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Title: Destruction of SO2 on Au and Cu Nanoparticles Dispersed on MgO(100) and CeO2(111)

Abstract

When going from periodic surfaces to isolated clusters or nanoparticles, there is a big increase in the reactivity of Au and Cu toward SO{sub 2}. Density functional calculations indicate that the enhancement in the SO{sub 2} adsorption energy is due to the presence of corner sites (i.e., metal atoms with a low coordination number) and the fluxionality of the nanoparticles. Therefore, small Au particles bind SO{sub 2} stronger than a periodic Au(100) surface. However, the S {leftrightarrow} Au and O {leftrightarrow} Au interactions are not strong enough to induce the rupture of the S-O bonds. In contrast, the dissociation of SO{sub 2} on Cu particles is a very exothermic process, even more exothermic than on a periodic Cu(100) surface. Experiments of synchrotron-based high-resolution photoemission and X-ray absorption spectroscopy show big differences in the DeSOx activity of Au and Cu nanoparticles dispersed on MgO(100) and CeO{sub 2}(111). The heat of adsorption of the SO{sub 2} on Au nanoparticles supported on MgO(100) or CeO{sub 2}(111) was 0.2 to 0.4 eV larger than on Au(100) with negligible dissociation of the molecule. The full decomposition of SO{sub 2} was observed only after O vacancies were introduced in the ceria support. The O vacancies inmore » ceria either played a direct role in the dissociation of SO{sub 2} (cracking of the molecule at the oxide-metal interface) or enhanced the chemical activity of the supported Au nanoparticles. The addition of Cu particles to MgO(100) or CeO{sub 2}(111) generates systems that are extremely active for the destruction of SO{sub 2}. At 100-150 K, the SO{sub 2} adsorbs molecularly on the supported Cu particles. Heating to temperatures above 200 K leads to massive dissociation of the SO{sub 2}. A comparison of the behavior of SO{sub 2} on Cu/MgO(100) and Cu/CeO{sub 2-x}(111) shows how important the reducibility of the oxide support in DeSOx operations can be.« less

Authors:
; ; ; ;
Publication Date:
Research Org.:
Brookhaven National Laboratory (BNL) National Synchrotron Light Source
Sponsoring Org.:
DOE - OFFICE OF SCIENCE
OSTI Identifier:
1019945
Report Number(s):
BNL-95791-2011-JA
Journal ID: ISSN 1089-5639; TRN: US201115%%581
DOE Contract Number:  
DE-AC02-98CH10886
Resource Type:
Journal Article
Journal Name:
Journal of Physical Chemistry A
Additional Journal Information:
Journal Volume: 114; Journal Issue: 11; Journal ID: ISSN 1089-5639
Country of Publication:
United States
Language:
English
Subject:
37 INORGANIC, ORGANIC, PHYSICAL AND ANALYTICAL CHEMISTRY; ABSORPTION SPECTROSCOPY; ADSORPTION; ADSORPTION HEAT; ATOMS; COORDINATION NUMBER; DISSOCIATION; FUNCTIONALS; HEATING; OXIDES; PHOTOEMISSION; RUPTURES; THERMODYNAMIC ACTIVITY; VACANCIES; national synchrotron light source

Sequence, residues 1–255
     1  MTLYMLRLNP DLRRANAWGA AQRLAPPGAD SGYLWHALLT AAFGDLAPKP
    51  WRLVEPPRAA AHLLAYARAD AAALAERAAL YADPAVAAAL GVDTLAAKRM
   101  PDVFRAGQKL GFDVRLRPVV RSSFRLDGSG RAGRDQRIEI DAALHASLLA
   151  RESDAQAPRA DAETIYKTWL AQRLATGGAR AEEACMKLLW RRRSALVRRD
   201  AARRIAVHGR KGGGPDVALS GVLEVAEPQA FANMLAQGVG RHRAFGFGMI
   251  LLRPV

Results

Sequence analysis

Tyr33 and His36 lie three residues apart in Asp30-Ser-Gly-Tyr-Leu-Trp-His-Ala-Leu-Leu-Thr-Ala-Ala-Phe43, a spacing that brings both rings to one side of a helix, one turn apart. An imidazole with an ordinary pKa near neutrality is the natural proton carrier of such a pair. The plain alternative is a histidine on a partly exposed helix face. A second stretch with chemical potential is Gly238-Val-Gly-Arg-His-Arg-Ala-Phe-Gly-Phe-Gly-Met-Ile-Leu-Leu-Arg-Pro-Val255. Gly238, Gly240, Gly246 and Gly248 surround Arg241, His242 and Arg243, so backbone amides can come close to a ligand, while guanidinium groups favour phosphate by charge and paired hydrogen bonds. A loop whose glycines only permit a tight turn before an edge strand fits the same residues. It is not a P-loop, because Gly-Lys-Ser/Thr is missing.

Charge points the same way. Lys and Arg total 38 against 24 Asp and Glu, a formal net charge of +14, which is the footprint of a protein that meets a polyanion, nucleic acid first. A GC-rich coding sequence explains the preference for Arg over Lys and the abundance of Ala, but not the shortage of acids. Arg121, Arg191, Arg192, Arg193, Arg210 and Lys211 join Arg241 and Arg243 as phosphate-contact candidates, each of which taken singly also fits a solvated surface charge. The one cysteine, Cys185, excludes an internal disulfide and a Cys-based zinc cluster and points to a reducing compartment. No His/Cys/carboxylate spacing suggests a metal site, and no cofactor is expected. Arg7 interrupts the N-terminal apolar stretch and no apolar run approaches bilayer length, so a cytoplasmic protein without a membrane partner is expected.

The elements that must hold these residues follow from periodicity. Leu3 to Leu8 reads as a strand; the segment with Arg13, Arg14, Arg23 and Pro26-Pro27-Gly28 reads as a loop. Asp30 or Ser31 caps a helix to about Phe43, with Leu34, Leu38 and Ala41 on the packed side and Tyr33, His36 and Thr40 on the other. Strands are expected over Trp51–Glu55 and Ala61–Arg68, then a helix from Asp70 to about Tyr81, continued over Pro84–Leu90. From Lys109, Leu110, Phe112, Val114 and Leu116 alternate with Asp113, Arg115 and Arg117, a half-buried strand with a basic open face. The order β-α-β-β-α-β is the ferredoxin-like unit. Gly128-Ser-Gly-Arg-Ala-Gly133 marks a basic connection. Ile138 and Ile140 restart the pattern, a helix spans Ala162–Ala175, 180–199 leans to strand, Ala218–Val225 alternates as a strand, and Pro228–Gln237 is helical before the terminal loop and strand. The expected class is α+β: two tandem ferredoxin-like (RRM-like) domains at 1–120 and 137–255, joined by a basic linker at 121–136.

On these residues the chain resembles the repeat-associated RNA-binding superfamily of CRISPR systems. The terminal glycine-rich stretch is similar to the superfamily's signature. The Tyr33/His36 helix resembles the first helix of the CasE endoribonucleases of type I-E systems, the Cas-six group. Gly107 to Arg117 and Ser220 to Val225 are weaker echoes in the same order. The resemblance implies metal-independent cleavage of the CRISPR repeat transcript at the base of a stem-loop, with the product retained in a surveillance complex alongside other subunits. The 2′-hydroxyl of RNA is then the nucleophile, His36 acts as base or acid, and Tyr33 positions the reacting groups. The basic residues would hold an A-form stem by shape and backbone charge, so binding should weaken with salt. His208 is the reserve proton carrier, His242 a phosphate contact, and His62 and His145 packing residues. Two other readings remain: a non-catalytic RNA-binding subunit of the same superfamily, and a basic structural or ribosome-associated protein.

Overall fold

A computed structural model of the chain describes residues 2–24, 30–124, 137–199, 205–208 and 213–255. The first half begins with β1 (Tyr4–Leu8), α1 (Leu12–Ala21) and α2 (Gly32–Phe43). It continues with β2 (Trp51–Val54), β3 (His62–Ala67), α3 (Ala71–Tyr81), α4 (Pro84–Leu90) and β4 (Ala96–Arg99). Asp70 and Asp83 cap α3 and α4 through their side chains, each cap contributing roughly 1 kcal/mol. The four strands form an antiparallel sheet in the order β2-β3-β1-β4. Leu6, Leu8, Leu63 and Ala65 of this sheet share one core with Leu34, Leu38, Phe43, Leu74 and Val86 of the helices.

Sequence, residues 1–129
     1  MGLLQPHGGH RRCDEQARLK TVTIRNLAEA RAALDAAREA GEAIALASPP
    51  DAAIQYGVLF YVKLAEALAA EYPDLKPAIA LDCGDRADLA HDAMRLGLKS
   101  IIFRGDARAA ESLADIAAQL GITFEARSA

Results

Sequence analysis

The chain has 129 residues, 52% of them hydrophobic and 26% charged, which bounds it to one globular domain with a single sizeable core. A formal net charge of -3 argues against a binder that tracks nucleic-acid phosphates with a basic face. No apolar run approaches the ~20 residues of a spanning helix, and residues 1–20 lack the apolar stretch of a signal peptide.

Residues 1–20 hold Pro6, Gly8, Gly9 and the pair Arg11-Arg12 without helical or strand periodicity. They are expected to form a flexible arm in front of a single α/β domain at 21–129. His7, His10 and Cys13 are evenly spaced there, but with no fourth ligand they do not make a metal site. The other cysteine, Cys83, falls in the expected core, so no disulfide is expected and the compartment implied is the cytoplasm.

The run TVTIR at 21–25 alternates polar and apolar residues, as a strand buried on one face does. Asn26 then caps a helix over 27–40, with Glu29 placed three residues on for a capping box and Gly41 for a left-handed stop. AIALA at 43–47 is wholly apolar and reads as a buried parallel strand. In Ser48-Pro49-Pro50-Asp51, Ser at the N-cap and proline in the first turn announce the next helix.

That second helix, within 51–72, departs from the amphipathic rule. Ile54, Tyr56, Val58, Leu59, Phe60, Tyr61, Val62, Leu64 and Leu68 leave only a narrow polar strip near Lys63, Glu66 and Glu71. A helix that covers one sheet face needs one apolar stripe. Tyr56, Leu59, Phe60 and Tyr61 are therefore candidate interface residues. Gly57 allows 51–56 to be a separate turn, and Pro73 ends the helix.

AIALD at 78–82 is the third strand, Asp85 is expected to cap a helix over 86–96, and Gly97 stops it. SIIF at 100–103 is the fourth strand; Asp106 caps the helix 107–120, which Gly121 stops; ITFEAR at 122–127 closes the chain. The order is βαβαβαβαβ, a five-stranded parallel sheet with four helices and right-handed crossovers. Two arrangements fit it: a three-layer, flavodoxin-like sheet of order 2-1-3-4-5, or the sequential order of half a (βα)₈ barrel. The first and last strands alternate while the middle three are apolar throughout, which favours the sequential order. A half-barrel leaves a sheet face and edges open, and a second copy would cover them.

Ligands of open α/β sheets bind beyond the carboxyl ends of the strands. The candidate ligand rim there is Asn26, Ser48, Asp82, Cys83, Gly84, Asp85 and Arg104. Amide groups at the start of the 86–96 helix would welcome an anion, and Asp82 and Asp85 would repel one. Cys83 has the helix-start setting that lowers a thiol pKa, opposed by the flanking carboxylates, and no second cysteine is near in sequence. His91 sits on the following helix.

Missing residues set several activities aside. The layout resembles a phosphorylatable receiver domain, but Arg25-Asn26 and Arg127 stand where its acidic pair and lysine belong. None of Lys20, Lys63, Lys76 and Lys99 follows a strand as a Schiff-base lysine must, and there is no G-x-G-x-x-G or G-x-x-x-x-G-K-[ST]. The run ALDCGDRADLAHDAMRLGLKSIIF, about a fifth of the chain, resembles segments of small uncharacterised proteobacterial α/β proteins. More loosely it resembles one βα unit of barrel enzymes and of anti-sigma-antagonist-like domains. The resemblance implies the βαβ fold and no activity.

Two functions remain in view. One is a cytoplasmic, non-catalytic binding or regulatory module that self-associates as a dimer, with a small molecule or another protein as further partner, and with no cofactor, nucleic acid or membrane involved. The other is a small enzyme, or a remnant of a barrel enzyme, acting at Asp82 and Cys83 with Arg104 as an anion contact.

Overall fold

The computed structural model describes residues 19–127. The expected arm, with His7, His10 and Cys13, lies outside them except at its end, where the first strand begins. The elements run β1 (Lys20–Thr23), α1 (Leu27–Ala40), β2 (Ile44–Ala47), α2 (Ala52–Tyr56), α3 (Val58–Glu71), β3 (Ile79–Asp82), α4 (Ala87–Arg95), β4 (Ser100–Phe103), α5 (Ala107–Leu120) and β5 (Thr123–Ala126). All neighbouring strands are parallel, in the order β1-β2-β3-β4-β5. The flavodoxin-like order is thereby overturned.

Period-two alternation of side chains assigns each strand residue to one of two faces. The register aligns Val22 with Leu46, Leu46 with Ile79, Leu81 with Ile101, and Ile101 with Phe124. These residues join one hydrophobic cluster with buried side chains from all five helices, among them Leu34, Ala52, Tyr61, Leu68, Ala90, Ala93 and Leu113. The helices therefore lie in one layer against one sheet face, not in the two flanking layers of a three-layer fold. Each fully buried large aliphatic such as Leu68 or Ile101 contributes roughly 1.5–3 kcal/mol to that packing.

Citation Formats

Rodriguez, J, Liu, P, Perez, M, Liu, G, and Hrbek, J. Destruction of SO2 on Au and Cu Nanoparticles Dispersed on MgO(100) and CeO2(111). United States: N. p., 2010. Web. doi:10.1021/jp905761s.
Rodriguez, J, Liu, P, Perez, M, Liu, G, & Hrbek, J. Destruction of SO2 on Au and Cu Nanoparticles Dispersed on MgO(100) and CeO2(111). United States. https://doi.org/10.1021/jp905761s
Rodriguez, J, Liu, P, Perez, M, Liu, G, and Hrbek, J. Fri . "Destruction of SO2 on Au and Cu Nanoparticles Dispersed on MgO(100) and CeO2(111)". United States. https://doi.org/10.1021/jp905761s.
@article{osti_1019945,
title = {Destruction of SO2 on Au and Cu Nanoparticles Dispersed on MgO(100) and CeO2(111)},
author = {Rodriguez, J and Liu, P and Perez, M and Liu, G and Hrbek, J},
abstractNote = {When going from periodic surfaces to isolated clusters or nanoparticles, there is a big increase in the reactivity of Au and Cu toward SO{sub 2}. Density functional calculations indicate that the enhancement in the SO{sub 2} adsorption energy is due to the presence of corner sites (i.e., metal atoms with a low coordination number) and the fluxionality of the nanoparticles. Therefore, small Au particles bind SO{sub 2} stronger than a periodic Au(100) surface. However, the S {leftrightarrow} Au and O {leftrightarrow} Au interactions are not strong enough to induce the rupture of the S-O bonds. In contrast, the dissociation of SO{sub 2} on Cu particles is a very exothermic process, even more exothermic than on a periodic Cu(100) surface. Experiments of synchrotron-based high-resolution photoemission and X-ray absorption spectroscopy show big differences in the DeSOx activity of Au and Cu nanoparticles dispersed on MgO(100) and CeO{sub 2}(111). The heat of adsorption of the SO{sub 2} on Au nanoparticles supported on MgO(100) or CeO{sub 2}(111) was 0.2 to 0.4 eV larger than on Au(100) with negligible dissociation of the molecule. The full decomposition of SO{sub 2} was observed only after O vacancies were introduced in the ceria support. The O vacancies in ceria either played a direct role in the dissociation of SO{sub 2} (cracking of the molecule at the oxide-metal interface) or enhanced the chemical activity of the supported Au nanoparticles. The addition of Cu particles to MgO(100) or CeO{sub 2}(111) generates systems that are extremely active for the destruction of SO{sub 2}. At 100-150 K, the SO{sub 2} adsorbs molecularly on the supported Cu particles. Heating to temperatures above 200 K leads to massive dissociation of the SO{sub 2}. A comparison of the behavior of SO{sub 2} on Cu/MgO(100) and Cu/CeO{sub 2-x}(111) shows how important the reducibility of the oxide support in DeSOx operations can be.},
doi = {10.1021/jp905761s},
url = {https://www.osti.gov/biblio/1019945}, journal = {Journal of Physical Chemistry A},
issn = {1089-5639},
number = 11,
volume = 114,
place = {United States},
year = {2010},
month = {1}
}